Table 2. Size at hatching and at the end of the planktonic phase, rearing temperature and duration of planktonic phase for 15 cephalopod species cultured in the laboratory.

The number of species used in the present study (n = 110) represents 13% of the 845 living cephalopod species described to date [216] and can be considered as a representative sample for this group of molluscs. The number of genus (n = 41) and families (n = 14) analysed here represents 24% and 28% respectively of the 174 genus and 50 families described to date for cephalopods [216]. Nevertheless, some groups may be over-represented in this sample, for example, the number of octopod species analysed here (n = 53) represents nearly half of the total number of species considered in the present study (n = 110), while the total number of octopod species represents nearly one-third of cephalopod species. This fact illustrates that this group is relatively easy to maintain and reproduce in aquaria, making it easier to collect egg masses and hatchlings in comparison with squids, which are more difficult to rear, spawn and consequently, to obtain hatchlings under laboratory conditions [217219].

Latitudinal distribution

Systematics and geographical distribution of the species were determined at first instance according to recent FAO reviews [2527]. Then, for each species, an extensive literature review on its distributional range was conducted. The literature references used to obtain latitudinal distribution assigned to each species are found in Table 1. The maximum and minimum latitudinal distribution ranges obtained for each species was introduced in Google Earth® to determine the latitudinal range of the species in degrees of latitude [220]. This range was transformed into distance (d) in km by applying the haversine formula to calculate the great-circle distance between two points; that is, the shortest distance over the earth’s surface. The haversine formula was used was: d = R·c; where, R = the earth’s radius (mean radius = 6371 km); c = 2·atan2(√a, √(1−a)); a = sin2(Δφ/2) + cos(φ1)·cos(φ2)·sin2(Δλ/2); φ, latitude; λ, longitude.

Data treatment

Values were compared using analysis of variance (ANOVA) and differences were considered significant when P < 0.05. Linear regressions were used for the graphics. Data were assessed using the JMP statistical package.


Hatchling size was recorded for 110 species of cephalopods (30 sepioids, 27 squids, 53 octopods), ranging from 0.6 (Argonauta hians) to 28.0 (Graneledone boreopacifica) mm ML, with an average size of 3.9±3.5 mm ML. Species from 14 families and 41 genera are listed (Table 1). Of these, 38 species have benthic hatchlings and 72 species have planktonic phase of variable duration (Table 2). Sizes and ranges of planktonic and benthic hatchlings are shown in Table 3. The distribution of sizes for species with planktonic hatchlings showed a maximum for Enteroctopus megalocyathus (8.4 mm ML) and a minimum for A. hians. For species with benthic hatchlings, the smallest size was found in Sepiadarium kochii (1.5 mm ML) and the distribution of sizes was highly right-skewed due to the G. boreopacifica hatchling (Fig 1). There was a considerable overlap between the hatchling sizes of benthic and planktonic species for intermediate sizes classes, although the frequency of planktonic hatchlings in these classes was very low (Fig 1). Maximum adult size of the species analysed ranged from 10.5 (Idiosepius biserialis) to 1200 mm (Dosidicus gigas) ML, with an average size of 201±217 mm ML. The species hatchling size index (SHSI) ranged from 0.1 (Thysanoteuthis rhombus) to 21.7% (Rossia molicella), with an average of 4.3±4.2% (Table 1).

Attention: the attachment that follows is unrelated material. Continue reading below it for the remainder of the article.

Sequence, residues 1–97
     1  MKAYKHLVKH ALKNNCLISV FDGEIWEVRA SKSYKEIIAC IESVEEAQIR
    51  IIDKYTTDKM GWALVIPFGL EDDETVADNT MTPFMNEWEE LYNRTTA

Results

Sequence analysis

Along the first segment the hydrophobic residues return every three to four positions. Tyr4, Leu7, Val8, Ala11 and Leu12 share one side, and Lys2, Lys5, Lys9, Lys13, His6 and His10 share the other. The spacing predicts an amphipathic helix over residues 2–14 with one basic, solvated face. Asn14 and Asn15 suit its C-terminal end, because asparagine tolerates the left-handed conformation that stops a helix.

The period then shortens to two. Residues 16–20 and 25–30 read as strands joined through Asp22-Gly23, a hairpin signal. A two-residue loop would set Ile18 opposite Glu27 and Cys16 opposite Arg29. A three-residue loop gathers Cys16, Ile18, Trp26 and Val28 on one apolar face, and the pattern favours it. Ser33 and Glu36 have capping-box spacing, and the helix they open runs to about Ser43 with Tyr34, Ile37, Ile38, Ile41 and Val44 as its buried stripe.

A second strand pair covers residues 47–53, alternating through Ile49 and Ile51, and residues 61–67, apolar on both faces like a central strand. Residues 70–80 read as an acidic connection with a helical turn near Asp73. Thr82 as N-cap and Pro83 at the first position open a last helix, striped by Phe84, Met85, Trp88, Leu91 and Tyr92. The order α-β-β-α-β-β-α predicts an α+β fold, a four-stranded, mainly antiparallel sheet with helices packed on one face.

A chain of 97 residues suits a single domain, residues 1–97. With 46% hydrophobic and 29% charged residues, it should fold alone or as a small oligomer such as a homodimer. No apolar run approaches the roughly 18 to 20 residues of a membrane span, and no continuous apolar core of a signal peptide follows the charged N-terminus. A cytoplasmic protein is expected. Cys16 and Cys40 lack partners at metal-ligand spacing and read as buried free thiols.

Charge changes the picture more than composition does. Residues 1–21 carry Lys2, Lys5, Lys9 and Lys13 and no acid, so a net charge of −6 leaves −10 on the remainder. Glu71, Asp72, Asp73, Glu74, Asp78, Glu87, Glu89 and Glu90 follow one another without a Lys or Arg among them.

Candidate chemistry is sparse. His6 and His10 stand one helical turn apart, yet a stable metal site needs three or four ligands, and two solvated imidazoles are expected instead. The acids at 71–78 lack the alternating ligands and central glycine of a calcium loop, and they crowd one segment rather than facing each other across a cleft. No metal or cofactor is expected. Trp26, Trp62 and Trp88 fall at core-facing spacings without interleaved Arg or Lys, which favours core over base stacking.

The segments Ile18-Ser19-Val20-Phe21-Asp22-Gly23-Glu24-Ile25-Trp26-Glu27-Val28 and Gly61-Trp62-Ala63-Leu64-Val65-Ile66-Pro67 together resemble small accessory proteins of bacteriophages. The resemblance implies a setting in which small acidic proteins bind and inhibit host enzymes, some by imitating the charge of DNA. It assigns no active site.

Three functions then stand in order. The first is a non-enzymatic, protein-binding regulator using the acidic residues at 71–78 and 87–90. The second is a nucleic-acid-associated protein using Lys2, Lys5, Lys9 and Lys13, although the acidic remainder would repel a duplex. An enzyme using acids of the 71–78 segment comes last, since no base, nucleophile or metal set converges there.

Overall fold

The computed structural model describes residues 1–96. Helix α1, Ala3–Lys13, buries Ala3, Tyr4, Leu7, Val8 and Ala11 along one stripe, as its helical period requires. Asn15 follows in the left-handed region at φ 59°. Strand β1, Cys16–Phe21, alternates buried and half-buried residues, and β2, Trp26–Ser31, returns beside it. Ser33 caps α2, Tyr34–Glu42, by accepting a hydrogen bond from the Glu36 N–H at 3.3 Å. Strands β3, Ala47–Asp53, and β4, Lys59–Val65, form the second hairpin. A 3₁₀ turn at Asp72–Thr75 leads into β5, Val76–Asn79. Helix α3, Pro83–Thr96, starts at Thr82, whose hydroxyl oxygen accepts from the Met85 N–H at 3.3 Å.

Fig 1. Size-frequency distribution from hatchlings of 110 species of cephalopods hatched in the laboratory.

Empty columns represent planktonic hatchlings; black columns, benthic hatchlings.

Table 3. Hatchling size in mantle length (ML) and latitudinal distribution ranges of 110 cephalopod species according to their hatchling mode of life as planktonic or benthic.

In relation to the latitudinal distribution ranges, Hapalochlaena maculosa registered the smallest range (339 km) for a benthic species and the oceanic ommastrephid squid Todaropsis eblanae reached the broadest range for the planktonic species (13070 km) (Table 1). Species with a planktonic phase have significantly smaller hatchling sizes than species that hatched as benthic individuals. In addition, species with planktonic hatchlings display significantly broader latitudinal distribution compared with species that have benthic hatchlings (Table 3).

When all species were pooled together, a significant inverse relationship was observed between hatchling size and latitudinal distributional range, with species with large hatchlings showing smaller latitudinal distribution ranges (ANOVA, F = 7.17, p = 0.009, n = 110) (Fig 2A). The same relationship is observed when grouping all species at the genus level (F = 5.86, p = 0.02, n = 41). This inverse relationship was also significant when analysing all the planktonic species together, where species with smaller planktonic hatchlings reach broader distributions (F = 5.94, p = 0.017, n = 72) (Fig 2C). In contrast, no relationship between hatchling size and latitudinal distribution was found when all the benthic species were analysed together (F = 0.10, p = 0.76, n = 38) (Fig 2E). When the data were analysed between different major cephalopod groups, this relationship was not found for the major benthic cephalopod group, the sepioids (F = 2.61, p = 0.12, n = 30) (Fig 3A). For squids, a group with only planktonic hatchlings, an inverse relationship exists between hatchling size and latitudinal distribution, the smaller the paralarval size the broader the distributional range of the species (F = 4.36, p = 0.047, n = 27) (Fig 3C). For octopods, a cephalopod group with both planktonic and benthic hatchlings, an inverse relationship between hatchling size and species distributional range was also observed (F = 6.90, p = 0.01, n = 53) (Fig 3E).